# Impedances for RLC circuits in the limit of zero frequency

• etotheipi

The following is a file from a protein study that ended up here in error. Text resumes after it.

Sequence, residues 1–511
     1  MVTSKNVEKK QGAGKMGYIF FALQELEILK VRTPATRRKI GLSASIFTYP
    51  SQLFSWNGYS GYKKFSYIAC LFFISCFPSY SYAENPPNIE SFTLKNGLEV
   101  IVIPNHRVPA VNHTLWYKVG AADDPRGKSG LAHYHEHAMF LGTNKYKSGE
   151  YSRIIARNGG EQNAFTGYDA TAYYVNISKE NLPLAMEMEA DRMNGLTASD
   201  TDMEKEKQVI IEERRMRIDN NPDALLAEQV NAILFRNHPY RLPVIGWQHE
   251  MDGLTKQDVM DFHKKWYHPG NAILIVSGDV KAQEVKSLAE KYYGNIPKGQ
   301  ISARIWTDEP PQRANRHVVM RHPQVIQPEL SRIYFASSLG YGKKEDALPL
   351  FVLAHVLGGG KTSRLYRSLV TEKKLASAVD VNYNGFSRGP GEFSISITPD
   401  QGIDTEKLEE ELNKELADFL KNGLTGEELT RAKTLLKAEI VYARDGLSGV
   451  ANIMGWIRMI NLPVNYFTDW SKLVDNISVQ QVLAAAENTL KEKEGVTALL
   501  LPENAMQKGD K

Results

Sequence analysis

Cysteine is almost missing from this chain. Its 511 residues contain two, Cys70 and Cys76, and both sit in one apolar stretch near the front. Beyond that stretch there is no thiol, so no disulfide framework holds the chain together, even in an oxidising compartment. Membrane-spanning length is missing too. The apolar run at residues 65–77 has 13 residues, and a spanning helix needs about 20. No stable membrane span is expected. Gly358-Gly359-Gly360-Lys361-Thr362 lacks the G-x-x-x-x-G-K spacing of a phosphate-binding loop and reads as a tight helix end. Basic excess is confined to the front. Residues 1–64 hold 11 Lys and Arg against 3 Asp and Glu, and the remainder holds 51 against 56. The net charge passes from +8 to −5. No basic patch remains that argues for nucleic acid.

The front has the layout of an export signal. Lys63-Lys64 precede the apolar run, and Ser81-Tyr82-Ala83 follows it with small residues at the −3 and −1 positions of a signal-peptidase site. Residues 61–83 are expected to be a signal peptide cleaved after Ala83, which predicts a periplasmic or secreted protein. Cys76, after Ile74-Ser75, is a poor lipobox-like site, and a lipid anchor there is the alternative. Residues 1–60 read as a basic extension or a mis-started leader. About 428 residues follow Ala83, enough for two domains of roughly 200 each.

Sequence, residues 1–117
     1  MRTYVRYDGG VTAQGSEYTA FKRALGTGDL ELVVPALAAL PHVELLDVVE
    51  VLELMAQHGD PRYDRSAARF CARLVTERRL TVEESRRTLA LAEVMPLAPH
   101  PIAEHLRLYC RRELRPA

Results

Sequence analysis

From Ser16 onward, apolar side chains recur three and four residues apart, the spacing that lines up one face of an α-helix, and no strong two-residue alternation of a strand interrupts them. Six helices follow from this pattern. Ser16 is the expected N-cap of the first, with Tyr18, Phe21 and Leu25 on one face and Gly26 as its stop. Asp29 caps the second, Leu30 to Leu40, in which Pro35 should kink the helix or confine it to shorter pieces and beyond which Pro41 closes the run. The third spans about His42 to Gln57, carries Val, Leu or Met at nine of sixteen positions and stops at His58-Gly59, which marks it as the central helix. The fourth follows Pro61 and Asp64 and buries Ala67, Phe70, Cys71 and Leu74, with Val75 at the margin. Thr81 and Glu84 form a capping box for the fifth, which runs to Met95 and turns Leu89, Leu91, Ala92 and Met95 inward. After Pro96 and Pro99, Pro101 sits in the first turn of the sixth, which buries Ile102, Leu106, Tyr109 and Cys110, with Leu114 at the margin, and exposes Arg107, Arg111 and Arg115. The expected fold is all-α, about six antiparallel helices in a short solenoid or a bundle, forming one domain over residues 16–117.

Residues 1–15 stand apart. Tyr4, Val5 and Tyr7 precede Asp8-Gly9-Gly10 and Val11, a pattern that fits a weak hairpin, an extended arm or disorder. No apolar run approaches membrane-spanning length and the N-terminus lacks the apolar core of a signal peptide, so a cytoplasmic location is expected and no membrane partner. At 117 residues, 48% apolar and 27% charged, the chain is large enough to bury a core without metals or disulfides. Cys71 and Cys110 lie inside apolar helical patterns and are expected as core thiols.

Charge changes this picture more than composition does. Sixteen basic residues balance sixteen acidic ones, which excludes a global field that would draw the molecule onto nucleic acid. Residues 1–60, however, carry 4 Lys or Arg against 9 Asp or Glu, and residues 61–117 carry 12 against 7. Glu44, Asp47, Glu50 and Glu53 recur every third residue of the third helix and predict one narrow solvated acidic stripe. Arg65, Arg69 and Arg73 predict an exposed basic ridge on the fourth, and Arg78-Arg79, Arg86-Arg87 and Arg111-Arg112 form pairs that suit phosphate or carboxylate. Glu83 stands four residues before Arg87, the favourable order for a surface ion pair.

Let's see. I all starts from AC circuit theory. In the time domain the equation for an RLC circuit reads$$L \ddot{Q} + R \dot{Q} + \frac{1}{C} Q=U,$$where ##Q## is the charge on the capacitor. Now usually you are interested in AC with a given frequency ##\omega## and it's most convenient to use the complex approach with the understanding that the physical charge is the real part of the complex one.$$Q(t) = \Re \left( Q(t)e^{i\omega t} \right).$$If we insert the complex ##Q(t)## into the time domain equation, we get$$L etotheipi If a voltage source is sinusoidal, then we can introduce a phasor map and come up with equations like$$V_0 e^{i \omega t} = I(R + i\omega L + \frac{1}{\omega C} i)$$where ##I## would also differ from ##V## by a complex phase. But if you set ##\omega = 0##, which would appear to correspond to the case where the source voltage is constant, you get nonsense results. If there is a capacitor then you get an infinity, and the effects of any inductor disappears completely (as if it were no longer in the circuit) because ##i\omega L = 0##. I wondered if anyone could explain what's going on here. Is this approach only valid for a sinusoidal source? Or if not, then how do we interpret these weird results? If we were to solve the above example with ##\omega = 0## in the normal way, we'd be dealing with the constant coefficients differential equation ##\ddot{I} + \frac{R}{L}\dot{I} + \frac{1}{LC}I = 0##. Last edited by a moderator: For ##\omega=0## you have the limiting case of time-independent fields and sources, i.e., magnetostatics. It's not so easy to take the limit ##\omega \rightarrow 0##. etotheipi etotheipi said: If a voltage source is sinusoidal, then we can introduce a phasor map and come up with equations like$$V_0 e^{i \omega t} = I(R + i\omega L + \frac{1}{\omega C} i)$$where ##I## would differ from ##V## by a complex phase. Is this for a RLC in series? etotheipi A.T. said: Is this for a RLC in series? It should be, yes. Did I make a mistake? etotheipi said: It should be, yes. If the equation describes the long term behavior (ω has been constant for a long time), then for ω = 0 the source voltage has been constant for a long time, the capacitor is charged, and I = 0. So the RHS is indeterminate, which is not wrong, but not useful to determine the LHS. But take this with a grain of salt. I'm no expert on circuits. etotheipi etotheipi said: But if you set ω=0, which would appear to correspond to the case where the source voltage is constant, you get nonsense results. That's a great question. Fortunately, it has a simple answer. In AC analysis, we ignore the startup transient and ignore zero or nonzero initial conditions. Think of the source as V=0 when t<0 and V=sin(wt) when t>0. That's the startup transient. But we treat is as if the sin(wt) extended back to t= minus infinity. But in your case, when w=0, the only conditions remaining are the initial conditions, so our sinusoidal equation reduces to a DC equation. cnh1995 and etotheipi anorlunda said: In AC analysis, we ignore the startup transient and ignore zero or nonzero initial conditions. Think of the source as V=0 when t<0 and V=sin(wt) when t>0. That's the startup transient. But we treat is as if the sin(wt) extended back to t= minus infinity. But in your case, when w=0, the only conditions remaining are the initial conditions, so our sinusoidal equation reduces to a DC equation. Interesting, so if I understand correctly the transient solution we'd get from solving ##\ddot{I} + \frac{R}{L}\dot{I} + \frac{1}{LC}I = 0## in the ##\omega = 0## case (which, even in underdamped conditions, would be enveloped by a negative exponential) would die away pretty quickly. And if we were to instead use the AC analysis assumptions, we'd ignore that phase and go straight to our weird indeterminate solution, that @A.T. alluded to in #5. etotheipi said: ... our weird indeterminate solution, that @A.T. alluded to in #5. It's not that weird, if you think about it. If ω = 0 then any value of V will result in I=0 after a while. So you cannot reverse the relation to get a specific V from the final I, because I is the same for all V. etotheipi etotheipi said: Interesting, so if I understand correctly the transient solution we'd get from solving ##\ddot{I} + \frac{R}{L}\dot{I} + \frac{1}{LC}I = 0## in the ##\omega = 0## case (which, even in underdamped conditions, would be enveloped by a negative exponential) would die away pretty quickly. And if we were to instead use the AC analysis assumptions, we'd ignore that phase and go straight to our weird indeterminate solution, that @A.T. alluded to in #5. There's another way to look at it. ##\ddot{I} + \frac{R}{L}\dot{I} + \frac{1}{LC}I = 0## is not the complete equation, because it ignores initial conditions. With initial conditions, we would also get decaying expotential terms superimposed. Yet another way to look at it: sin(wt) is valid for ##-\infty < t < +\infty##. But adding an initial condition V=0 for t<0 makes it an aperiodic waveform. In your w=0 case, either V and I are zero for all time, or it is aperiodic. Edit: I should have said, adding an initial condition V=0 and ##\frac{dV}{dt}=0## for t<0 etotheipi I just thought of a fun theorem to prove. Is it possible to generate a periodic solution with an aperiodic forcing function? No doubt, someone did that before, but it might be fun to prove from scratch. etotheipi said: If a voltage source is sinusoidal, then we can introduce a phasor map and come up with equations like$$V_0 e^{i \omega t} = I(R + i\omega L + \frac{1}{\omega C} i)$$where ##I## would also differ from ##V## by a complex phase. But if you set ##\omega = 0##, which would appear to correspond to the case where the source voltage is constant, you get nonsense results. The term in the brackets is the complex impedance ##Z## of a series RLC circuit. In case ##\omega\rightarrow 0##, the magnitude of the impedance becomes infinite, ##|Z| \rightarrow \infty##, viz. ##I\rightarrow 0##. Nothing strange. Last edited: etotheipi Let's see. I all starts from AC circuit theory. In the time domain the equation for an RLC circuit reads$$L \ddot{Q} + R \dot{Q} + \frac{1}{C} Q=U,$$where ##Q## is the charge on the capacitor. Now usually you are interested in AC with a given frequency ##\omega## and it's most convenient to use the complex approach with the understanding that the physical quantities are the real part of the corresponding complex functions. In addition we are only interested in the stationary final state, i.e., we don't consider the damped transient states but look a long time after having switched on the circuit (long means long compared to the damping time of the homogeneous solution of the linear ODE). Then we can write$$Q=Q_0 \exp(\mathrm{i} \omega t), \quad U=U_0 \exp(\mathrm{i} \omega t),$$and the ODE turns into a linear algebraic equation,$$(-L\omega^2 + \mathrm{i} \omega R +\frac{1}{C}) Q_0=U_0.$$Of course we are rather interested in the current, which is$$I=\dot{Q}=\mathrm{i} \omega Q_0 \exp(\mathrm{i} \omega t)\; \Rightarrow \; Q_0=-\mathrm{i} I_0/\omega,$$leading to$$Z I_0=\left (R+\mathrm{i} \omega L-\frac{\mathrm{i}}{\omega C} \right) I_0=U_0.$$This example leads to the usual AC circuit theory for the stationary state. It works exactly as DC circuit theory when instead of resistances you use impedances for the various elements, i.e., ##Z_R=R## for a resistor, ##Z_L=\mathrm{i} \omega L## for a coil, and ##Z_C=-\mathrm{i}/(\omega C)## for a capacitor. This of course only works for ##\omega \neq 0##. For ##\omega=0## you have ##U=U_0=\text{const}##, and of course the stationary state is ##Q=Q_0=\text{const}## and thus ##I=0## and ##\dot{I}=0##. Then the above ODE gets simply$$\frac{Q_0}{C}=U_0=\text{const},$$as it should be. There's of course no current because of the capacitor. etotheipi and Lord Jestocost vanhees71 said: Then we can write$$Q=Q_0 \exp(\mathrm{i} \omega t), \quad U=U_0 \exp(\mathrm{i} \omega t),$$and the ODE turns into a linear algebraic equation,$$(-L\omega^2 + \mathrm{i} \omega R +\frac{1}{C}) Q_0=U_0.